Simple — a ton of luck and having no life. Because even if you agree with Scott and see some value in the hotel points deals in the first week, or you have your eyes on the few deals Greg mentioned, inventory is rather limited. Actually, “limited” is a generous description. In fact there are exactly 130 Hertz points packages and 793 Marriott eGift cards.
When the deal opens, those 130 Hertz packages will be gone in less time than it took me to type this sentence. And while 793 Marriott eGift cards sounds like a lot, with thousands of people gunning for them all at once, those will also be gone in minutes if not moments.
Some folks also think the deal on April 10th to buy 24,000 Hyatt points at $260 or the other similar Hyatt offers are also worth considering. I say you can manufacture over 24,000 Chase Ultimate Rewards points and turn them into Hyatt points for just $167 with an Ink card at Staples, and that’s on a non-rebate week. So I’m not sure why this is a great deal. Not to mention there are a total of 125 of those Hyatt point packages, which means they’ll be snapped up faster than $200 Mastercard gift cards during a Staples rebate week like this one. Seriously, guys, at least leave a couple on the gift card rack for me, will you?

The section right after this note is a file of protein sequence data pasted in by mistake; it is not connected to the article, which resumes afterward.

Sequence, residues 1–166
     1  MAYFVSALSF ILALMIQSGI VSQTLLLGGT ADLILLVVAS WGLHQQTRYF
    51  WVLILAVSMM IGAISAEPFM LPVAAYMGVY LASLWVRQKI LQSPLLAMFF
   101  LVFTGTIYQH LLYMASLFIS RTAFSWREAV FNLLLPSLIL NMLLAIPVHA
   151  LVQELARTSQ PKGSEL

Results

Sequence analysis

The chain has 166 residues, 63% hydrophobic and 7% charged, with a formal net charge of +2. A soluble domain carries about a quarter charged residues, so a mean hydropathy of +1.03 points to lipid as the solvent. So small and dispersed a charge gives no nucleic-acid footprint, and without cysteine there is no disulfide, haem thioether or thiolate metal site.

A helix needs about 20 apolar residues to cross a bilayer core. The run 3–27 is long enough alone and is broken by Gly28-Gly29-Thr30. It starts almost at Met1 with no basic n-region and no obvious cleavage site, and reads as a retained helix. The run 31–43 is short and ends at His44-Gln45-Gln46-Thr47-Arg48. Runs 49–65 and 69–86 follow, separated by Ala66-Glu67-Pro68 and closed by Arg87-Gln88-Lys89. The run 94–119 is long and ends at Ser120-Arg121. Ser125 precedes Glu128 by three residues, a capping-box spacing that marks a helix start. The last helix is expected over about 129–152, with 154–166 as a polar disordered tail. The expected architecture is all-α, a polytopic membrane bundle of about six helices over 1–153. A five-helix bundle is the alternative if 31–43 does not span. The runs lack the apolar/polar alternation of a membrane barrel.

And there you have it, folks. Daily Getaways 2015!
Look, everyone likes a sweet sale, but most of the deals Daily Getaways offers are just not that alluring, and the few deals that are worth it are nearly impossible to acquire. Quite frankly, you’d almost get better odds playing the lottery than trying to pick up a great deal from the USTA.
The fact is there are more than a few actual excellent travel deals out there, so there’s no reason to settle for a lame annual promotion that’s more about marketing than low-cost travel. Stick to the credit card bonus game, OTA discount codes, manufactured spend, and the like and you’ll have a lot more cash left in your wallet at the end of the day.
Now someone get me out of this Ford dealership before I pay too much for a Mustang.Devil’s Advocate is a weekly series that deliberately argues a contrarian view on travel and loyalty programs. Sometimes the Devil’s Advocate truly believes in the counterargument. Other times he takes the opposing position just to see if the original argument holds water. But his main objective is to engage in friendly debate with the miles and points community to determine if today’s conventional wisdom is valid. You can suggest future topics by following him @dvlsadvcate on Twitter or sending an e-mail to firstname.lastname@example.org.
Recent Posts by the Devil’s Advocate:
- Another Mistake Fare? Quick, Upend Your Life!
- When Are Hotel Loyalty Programs Worth the Extra Cost?
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Find the entire collection of Devil’s Advocate posts here.